very good/very good. No marks, tight binding. Overall excellent condition, slightly rubbed cover. sm. 4to.
An Eighth Day View:
The Russian Romanov dynasty came to an abrupt end on the night of July 17, 1918, when the imperial family was executed by the Bolsheviks Or did it? Compelling new evidence reveals that Tsarevich Alexei, the fourteen-year-old son of Nicholas II and Alexandra and heir to the Russian throne, may have escaped the bloodshed and been adopted by a local family in a nearby village.
Meticulously researched and documented. The Escape of Alexei details how Bolshevik soldiers bungled the execution, leading to confusion and chaos during the shooting. Young Alexei was merely wounded and unconscious when he was loaded onto the back of a truck with the corpses of his murdered family and driven to the secret burial site. Falling out of the truck en route and left for dead, he was found by sympathetic soldiers who attended to the young hemophiliac's wounds and helped him escape, introducing him into a peasant family where he grew up under the name of Vasily Filatov.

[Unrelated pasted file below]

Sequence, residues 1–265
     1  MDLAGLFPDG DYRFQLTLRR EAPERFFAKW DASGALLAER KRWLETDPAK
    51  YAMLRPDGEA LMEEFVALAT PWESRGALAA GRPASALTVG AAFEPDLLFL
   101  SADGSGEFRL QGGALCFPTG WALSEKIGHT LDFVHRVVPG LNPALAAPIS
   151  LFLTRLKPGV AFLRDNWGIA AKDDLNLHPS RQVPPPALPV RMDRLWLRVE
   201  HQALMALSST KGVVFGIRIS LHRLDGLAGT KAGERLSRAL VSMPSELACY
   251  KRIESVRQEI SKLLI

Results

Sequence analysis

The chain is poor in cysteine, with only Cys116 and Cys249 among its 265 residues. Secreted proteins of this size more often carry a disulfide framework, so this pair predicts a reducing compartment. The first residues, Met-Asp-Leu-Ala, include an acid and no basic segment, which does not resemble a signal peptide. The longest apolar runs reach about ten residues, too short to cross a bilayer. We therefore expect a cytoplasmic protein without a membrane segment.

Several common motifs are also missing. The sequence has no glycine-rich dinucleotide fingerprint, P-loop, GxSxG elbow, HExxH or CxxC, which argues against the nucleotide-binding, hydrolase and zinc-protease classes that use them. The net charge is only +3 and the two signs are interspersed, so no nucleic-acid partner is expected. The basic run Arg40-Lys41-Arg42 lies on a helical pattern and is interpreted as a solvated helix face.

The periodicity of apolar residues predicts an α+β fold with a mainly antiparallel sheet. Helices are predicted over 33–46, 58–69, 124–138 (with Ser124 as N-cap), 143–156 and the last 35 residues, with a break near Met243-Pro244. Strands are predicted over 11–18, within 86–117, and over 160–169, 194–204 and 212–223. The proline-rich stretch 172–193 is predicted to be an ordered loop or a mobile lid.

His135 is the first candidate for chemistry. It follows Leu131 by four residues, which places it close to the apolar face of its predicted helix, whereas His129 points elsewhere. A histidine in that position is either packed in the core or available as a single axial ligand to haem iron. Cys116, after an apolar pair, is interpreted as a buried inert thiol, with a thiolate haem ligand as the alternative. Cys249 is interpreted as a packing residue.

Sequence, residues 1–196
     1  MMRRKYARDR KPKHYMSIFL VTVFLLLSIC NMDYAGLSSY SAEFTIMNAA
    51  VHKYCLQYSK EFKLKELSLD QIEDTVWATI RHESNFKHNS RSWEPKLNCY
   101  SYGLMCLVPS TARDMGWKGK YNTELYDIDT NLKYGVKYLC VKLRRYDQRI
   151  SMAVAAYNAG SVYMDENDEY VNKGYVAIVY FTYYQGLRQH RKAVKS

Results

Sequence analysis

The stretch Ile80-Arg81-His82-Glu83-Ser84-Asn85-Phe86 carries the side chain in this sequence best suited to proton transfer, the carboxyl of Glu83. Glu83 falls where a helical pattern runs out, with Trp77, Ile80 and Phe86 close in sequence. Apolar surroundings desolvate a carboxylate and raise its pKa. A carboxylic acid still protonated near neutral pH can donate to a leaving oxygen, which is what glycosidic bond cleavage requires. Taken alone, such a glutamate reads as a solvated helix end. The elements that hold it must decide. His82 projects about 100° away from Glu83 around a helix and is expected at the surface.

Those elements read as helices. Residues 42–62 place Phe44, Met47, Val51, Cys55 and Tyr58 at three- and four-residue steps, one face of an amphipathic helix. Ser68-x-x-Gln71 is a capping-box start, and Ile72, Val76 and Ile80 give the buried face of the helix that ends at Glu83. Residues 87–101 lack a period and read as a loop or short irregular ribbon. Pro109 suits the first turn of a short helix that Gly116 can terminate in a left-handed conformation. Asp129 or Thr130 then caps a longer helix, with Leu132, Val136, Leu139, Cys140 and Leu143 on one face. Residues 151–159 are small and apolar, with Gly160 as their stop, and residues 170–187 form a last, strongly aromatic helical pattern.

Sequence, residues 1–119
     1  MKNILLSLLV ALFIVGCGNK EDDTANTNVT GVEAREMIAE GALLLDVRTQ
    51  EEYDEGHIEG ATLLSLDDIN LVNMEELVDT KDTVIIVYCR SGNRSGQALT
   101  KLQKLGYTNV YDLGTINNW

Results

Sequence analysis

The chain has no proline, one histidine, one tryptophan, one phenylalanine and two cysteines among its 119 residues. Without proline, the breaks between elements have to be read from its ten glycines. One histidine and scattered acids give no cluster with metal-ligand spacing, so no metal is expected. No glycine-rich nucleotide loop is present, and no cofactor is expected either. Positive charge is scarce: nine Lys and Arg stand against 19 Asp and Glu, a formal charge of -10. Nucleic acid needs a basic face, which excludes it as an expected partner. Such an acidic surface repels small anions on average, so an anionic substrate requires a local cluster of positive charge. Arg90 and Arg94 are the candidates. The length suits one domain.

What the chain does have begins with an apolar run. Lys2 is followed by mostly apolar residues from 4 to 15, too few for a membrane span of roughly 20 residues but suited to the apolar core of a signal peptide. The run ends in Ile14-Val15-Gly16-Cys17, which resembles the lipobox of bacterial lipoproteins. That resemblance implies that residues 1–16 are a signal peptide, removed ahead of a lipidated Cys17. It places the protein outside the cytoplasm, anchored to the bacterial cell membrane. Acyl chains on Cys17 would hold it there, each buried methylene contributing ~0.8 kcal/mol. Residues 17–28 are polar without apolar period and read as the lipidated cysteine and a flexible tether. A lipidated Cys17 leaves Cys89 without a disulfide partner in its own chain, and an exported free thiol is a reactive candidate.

The world of Russia's heir to the throne turned upside down. Vasily Filatov became an apprentice shoemaker, and eventually a high school geography and history teacher. He married, had children, and told his family the story of the Tsarevich's escape in the third person, as historical narrative. He never explained how, as a village teacher living under the oppressive silence and censorship of the Soviet Union, he was fluent in several foreign languages, had an in-depth knowledge of the private life of the Romanov family, and an uncanny grasp of the details surrounding the 1918 execution. With the advent of perestolka in the 1980s, the Soviet archives were finally opened to the public and, to his family's amazement, many of the incrediblestories that Vasily Filatov had told his wife and children were revealed to the world as historical fact.
In this startling volume, three well-respected scientists provide a convincing, thoroughly documented account of how such an extraordinary escape was possible, and how the executioners managed to cover up the fact that the body of the heir to the throne was missing. Drawing on official records and documents from Russian archives, the grisly personal accounts of soldiers who took part in the execution, and utilizing the latest scientific and forensic technology, the authors offer evidence that Alexei Romanov and Vasily Filatov were one and the same.